7. 7. Lab management automation On-premise | Cloud
    8. 8. Agents Installed on the “client” machines Three types of agents Test Agent-Enables automated testing Build Agent-Enables automated deployment Lab Agent-Enables network isolation Installed Automatically by Lab Management Services
    9. 9. Define Environments Create new multi-machine environment choices
    10. 10. Create a new environment using virtual machine templates in SCVMM Create an environment using machines running on SCVMM Create new environments on existing machines
    11. 11. Quickly choose multiple test suites to run after deployment Choose your environment, and build, deploy and test in that environment from a single dialog
    12. 12. Snapshot environments during manual testing to increase reproducibility Spin up virtual test environments from within Test Manager, or attach a virtual environment to a manual testing session
    13. 13. Developer Experience Environment snapshot taken and attached as a link with bug Developers can quickly debug issues on the exact same testing environment
    14. 14. Test run results are attached to specific builds and environments Collect all the data required to recreate bugs from virtual environments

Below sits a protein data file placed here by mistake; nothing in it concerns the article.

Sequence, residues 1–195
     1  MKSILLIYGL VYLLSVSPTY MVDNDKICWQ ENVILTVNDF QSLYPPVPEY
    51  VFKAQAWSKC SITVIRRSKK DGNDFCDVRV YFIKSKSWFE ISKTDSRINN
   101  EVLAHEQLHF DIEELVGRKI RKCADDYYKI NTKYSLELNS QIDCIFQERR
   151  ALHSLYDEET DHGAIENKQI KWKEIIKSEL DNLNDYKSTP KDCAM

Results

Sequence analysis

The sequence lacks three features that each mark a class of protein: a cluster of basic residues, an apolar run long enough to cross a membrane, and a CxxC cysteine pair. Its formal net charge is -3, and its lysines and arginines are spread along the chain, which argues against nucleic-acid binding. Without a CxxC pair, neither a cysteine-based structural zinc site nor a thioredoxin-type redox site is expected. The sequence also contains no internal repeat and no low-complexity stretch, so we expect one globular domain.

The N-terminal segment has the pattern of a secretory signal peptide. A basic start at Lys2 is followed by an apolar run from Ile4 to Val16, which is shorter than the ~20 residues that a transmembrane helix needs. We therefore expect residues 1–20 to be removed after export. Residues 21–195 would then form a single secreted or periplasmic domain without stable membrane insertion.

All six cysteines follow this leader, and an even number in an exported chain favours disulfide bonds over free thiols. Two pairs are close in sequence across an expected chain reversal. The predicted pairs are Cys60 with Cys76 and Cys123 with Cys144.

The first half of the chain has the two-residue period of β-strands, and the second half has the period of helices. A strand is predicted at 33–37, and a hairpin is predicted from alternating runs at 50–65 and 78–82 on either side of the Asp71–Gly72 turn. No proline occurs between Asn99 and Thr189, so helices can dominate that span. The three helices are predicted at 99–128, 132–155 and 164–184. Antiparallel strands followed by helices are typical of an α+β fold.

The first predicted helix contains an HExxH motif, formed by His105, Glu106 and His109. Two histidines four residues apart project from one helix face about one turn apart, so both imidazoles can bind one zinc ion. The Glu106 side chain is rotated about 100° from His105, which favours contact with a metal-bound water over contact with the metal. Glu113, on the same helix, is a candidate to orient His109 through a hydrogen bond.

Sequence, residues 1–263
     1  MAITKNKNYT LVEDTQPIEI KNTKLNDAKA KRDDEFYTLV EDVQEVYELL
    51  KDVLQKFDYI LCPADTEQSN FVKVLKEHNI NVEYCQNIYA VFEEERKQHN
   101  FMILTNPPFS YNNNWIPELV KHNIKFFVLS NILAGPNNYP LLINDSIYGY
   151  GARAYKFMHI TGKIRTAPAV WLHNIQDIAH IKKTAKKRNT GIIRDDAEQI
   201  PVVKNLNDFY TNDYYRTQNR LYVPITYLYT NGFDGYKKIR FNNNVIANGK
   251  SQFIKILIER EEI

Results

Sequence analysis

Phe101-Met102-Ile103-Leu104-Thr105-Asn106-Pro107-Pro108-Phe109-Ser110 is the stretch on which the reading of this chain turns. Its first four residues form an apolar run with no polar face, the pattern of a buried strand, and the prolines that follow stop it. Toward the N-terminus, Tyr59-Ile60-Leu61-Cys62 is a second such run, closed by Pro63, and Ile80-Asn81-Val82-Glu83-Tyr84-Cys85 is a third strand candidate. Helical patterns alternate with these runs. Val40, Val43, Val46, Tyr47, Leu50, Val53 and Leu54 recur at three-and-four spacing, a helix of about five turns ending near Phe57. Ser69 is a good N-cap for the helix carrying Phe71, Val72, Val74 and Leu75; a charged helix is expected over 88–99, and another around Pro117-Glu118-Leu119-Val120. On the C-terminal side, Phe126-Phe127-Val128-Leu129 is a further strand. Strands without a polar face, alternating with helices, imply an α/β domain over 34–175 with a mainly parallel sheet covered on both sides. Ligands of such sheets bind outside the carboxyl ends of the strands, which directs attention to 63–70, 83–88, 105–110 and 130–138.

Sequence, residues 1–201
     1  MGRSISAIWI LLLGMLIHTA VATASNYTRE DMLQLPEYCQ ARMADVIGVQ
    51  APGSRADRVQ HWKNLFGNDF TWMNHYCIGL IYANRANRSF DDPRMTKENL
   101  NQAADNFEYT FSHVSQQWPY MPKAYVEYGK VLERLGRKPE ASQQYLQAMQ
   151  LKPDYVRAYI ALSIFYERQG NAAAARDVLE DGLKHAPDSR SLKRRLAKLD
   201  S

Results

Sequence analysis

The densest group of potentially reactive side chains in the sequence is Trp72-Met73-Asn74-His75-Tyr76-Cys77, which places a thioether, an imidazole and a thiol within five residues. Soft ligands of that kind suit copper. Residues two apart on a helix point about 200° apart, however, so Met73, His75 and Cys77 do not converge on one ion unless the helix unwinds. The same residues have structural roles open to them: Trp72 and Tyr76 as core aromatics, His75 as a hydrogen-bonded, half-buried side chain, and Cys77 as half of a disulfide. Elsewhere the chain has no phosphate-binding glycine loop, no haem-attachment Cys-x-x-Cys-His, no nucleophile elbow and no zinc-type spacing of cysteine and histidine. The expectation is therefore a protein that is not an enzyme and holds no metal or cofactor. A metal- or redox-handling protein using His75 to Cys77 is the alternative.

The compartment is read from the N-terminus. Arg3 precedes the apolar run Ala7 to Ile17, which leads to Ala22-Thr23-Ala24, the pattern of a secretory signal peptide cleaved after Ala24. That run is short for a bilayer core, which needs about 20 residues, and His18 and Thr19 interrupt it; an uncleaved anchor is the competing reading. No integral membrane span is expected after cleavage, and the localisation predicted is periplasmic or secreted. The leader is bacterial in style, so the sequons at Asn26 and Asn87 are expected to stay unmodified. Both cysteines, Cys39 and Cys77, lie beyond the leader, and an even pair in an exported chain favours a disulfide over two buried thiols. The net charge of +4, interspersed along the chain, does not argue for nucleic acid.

15. 15. Web Server Collect Intellitrace Information Test Agent Test Controllers and Agents Client Network Emulation Test Agent Run Tests Database Server Collect System Information Test Agent Where to run Tests? Collect Data? Affect Machine Client Collect Test Impact Data Test Agent Run Tests Team Foundation Server Test Agent Controller Register with Team Project Collection Test agent controller manages test agents Test agents run tests and collect data or impact the system
    16. 16. About the Demo Tester Team Define Tests Define Environments Define Data Collection Analyze Results Development / Release Team Author Build Author Deployment Run Automate Tests
    17. 17. demo Lab Manager Build-Deploy-Test Scenario
    18. 18. On Demand in the Cloud On Premises TFS Server Test Controller Spawn Azure Automatically Gallery or VHD Manage in Lab Center Central Start/Stop Functionality Snapshot in Azure
    19. 19. Labs and Walkthroughs Creating VMs Create and store VMs - MSDN doc Prepare a domain controller VM Manage virtual environments Creating virtual envs - MSDN doc Creating and working with virtual envs Concepts and guidelines Creating network isolated environments Networking Networking basics Network isolation
    20. 20. Parting thoughts… Empowerment Really Automate Dynamic Environments Crisp Communication Reduce Costs
    21. 21. Chris Kadel - Principal Twitter: @cbkadel Blog: http://chriskadel.com Website: http://polarissolutions.com Email: chris.kadel@polarissolutions.com